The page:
There were differences in the mortality patterns between early and late season samples. The death rate increased for all sources except predation in the late-season sample (Table 1). Therefore, mortality of leaf-miner immatures was lower in the early-season than in the late-season sample, when it increased 16.5%. The contribution of predation to leaf-miner mortality was far more important in early- than in the late-season sample (29.2% Vs. 12.7%). In spite of the great increases in the parasitism rate in the late-season sample, the effects of predation and parasitism on leaf-miner mortality in the late-season population was almost the same (see Table 1).
The survivorship curves for the two samples were different and maximum divergence occurred in the last larval instar (Fig. 3).
Distribution of Pachyschelus coeruleipennis immature stages within plants was vertically stratified because females oviposited preferentially on the upper Croton leaves. The mechanisms of this choice is unknown, however I suggest that this selective oviposition behaviour could prevent leaf miners from sharing leaves due to the flow of new leaves. Although 70% of attacked leaves had only one egg of P. coeruleipennis, the mean density of immatures in the sample was not very low (20-40% of mined leaves), if compared with leaf-miner species from North America (e.g., Faeth, 1990). Similar low densities of immatures per leaf were observed for other Pachyschelus species in Brazil (Kogan, 1963, 1964). As a consequence, intraspecific competition was unimportant as a mortality cause in immature P. coeruleipennis. This is not true for several leaf miners in temperate regions, where clumping behavior among leaves of some species caused intraspecific competition and premature leaf abscission and, therefore, increased the mortality rates (Potter, 1985; Simberloff & Stiling, 1987; Stiling et al., 1987; Faeth, 1990). Here, I observed that P. coeruleipennis exited leaves well before normal leaf fall and it seemed that mined leaves did not fall prior to normal leaf abscission. So, in addition, the observed low mortality rate of leaf-miners due to leaf abscission may be connected with upper leaves selection by leaf-miner females (see Bultman & Faeth, 1986).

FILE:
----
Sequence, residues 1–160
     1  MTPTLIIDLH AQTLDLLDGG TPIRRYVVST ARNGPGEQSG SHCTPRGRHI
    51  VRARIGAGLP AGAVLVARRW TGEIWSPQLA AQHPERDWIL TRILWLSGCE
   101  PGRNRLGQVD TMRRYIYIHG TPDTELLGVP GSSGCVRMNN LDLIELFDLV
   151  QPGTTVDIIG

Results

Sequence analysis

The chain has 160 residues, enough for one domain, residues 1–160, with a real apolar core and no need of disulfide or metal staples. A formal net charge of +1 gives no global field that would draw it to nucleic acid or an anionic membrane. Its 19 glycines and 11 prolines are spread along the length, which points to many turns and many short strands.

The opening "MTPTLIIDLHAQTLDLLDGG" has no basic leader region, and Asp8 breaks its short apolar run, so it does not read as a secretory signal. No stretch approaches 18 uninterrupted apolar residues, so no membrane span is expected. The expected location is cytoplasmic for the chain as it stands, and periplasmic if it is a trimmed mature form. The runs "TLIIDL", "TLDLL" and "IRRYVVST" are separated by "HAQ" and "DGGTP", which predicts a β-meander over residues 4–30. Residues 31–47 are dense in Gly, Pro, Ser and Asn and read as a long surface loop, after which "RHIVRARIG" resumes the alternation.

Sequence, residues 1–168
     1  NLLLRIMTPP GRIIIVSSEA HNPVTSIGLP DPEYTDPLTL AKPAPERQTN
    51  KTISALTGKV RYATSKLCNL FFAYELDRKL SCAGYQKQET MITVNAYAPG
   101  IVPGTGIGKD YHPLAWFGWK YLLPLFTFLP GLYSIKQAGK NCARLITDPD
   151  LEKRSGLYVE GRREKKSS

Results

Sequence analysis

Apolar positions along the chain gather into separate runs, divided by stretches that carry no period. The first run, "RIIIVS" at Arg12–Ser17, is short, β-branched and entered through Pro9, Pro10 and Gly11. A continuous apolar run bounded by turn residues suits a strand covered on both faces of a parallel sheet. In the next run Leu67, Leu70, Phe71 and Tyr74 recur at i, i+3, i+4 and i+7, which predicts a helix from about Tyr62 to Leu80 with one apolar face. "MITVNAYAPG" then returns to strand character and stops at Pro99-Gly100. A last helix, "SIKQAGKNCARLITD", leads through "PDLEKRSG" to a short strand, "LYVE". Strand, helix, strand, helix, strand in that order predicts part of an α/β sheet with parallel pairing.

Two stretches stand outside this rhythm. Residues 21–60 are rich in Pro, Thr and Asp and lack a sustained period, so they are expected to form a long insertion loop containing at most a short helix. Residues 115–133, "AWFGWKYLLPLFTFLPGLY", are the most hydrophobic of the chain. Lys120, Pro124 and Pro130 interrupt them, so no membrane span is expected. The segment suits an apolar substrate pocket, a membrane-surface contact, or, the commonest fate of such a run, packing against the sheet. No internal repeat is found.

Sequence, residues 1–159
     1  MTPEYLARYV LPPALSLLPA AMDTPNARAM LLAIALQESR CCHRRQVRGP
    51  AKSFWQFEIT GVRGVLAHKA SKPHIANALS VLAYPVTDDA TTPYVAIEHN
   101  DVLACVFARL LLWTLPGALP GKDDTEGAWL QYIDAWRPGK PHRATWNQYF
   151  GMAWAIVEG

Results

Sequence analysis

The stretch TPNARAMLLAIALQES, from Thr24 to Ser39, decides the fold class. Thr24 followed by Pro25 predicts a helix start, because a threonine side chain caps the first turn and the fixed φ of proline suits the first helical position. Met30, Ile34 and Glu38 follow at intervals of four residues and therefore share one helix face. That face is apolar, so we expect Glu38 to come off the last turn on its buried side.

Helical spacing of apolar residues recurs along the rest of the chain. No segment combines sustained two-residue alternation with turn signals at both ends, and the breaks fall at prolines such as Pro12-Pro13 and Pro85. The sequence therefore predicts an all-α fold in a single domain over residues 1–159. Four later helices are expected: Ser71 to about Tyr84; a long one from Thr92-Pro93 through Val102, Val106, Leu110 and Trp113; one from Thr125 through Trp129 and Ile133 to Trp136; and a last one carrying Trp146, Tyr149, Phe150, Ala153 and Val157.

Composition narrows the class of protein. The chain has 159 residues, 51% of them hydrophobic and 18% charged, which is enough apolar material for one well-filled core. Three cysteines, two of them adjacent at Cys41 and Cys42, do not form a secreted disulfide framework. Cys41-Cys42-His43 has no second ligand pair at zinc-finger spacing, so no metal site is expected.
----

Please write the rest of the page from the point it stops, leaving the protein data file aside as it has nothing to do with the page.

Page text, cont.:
Previous studies have suggested that parasitoids represent a more potent source of mortality in herbivore insects in the temperate zone than in the tropics, whereas predation pressures are greater in the tropics (e.g., Hawkins et al., 1997). As for many other herbivorous insect species (see Cornell & Hawkins, 1995), parasitism and predation were also the main mortality factors identified in the population of P. coeruleipennis in SE, Brazil. I was unable to identify the majority of mortality factors occurring in the egg stage. I think, however, that most unhatched eggs could have been attacked by a sucking predator, but, to be conservative, I attributed these losses to unknown factors.
An important result of this study was showing that the predation rate contributed more to P. coeruleipennis immature mortality than parasitism. Conversely, in Central America, parasitism was the main factor causing mortality in P. psychotriae immatures (Hespenheide & Kim, 1992). Another buprestid genus of leaf miners that was studied in North America presented results too conflicting to reveal a pattern. Brachys tesselatus suffered great mortality from predation in the egg stage but there was no information about the contribution of each enemy to larvae mortality (Turnbow Jr. & Franklin, 1981). On the other hand, B. ovatus suffered losses mainly from leaf abscission, and deaths from parasitoids were more common than from predators (Connor, 1988).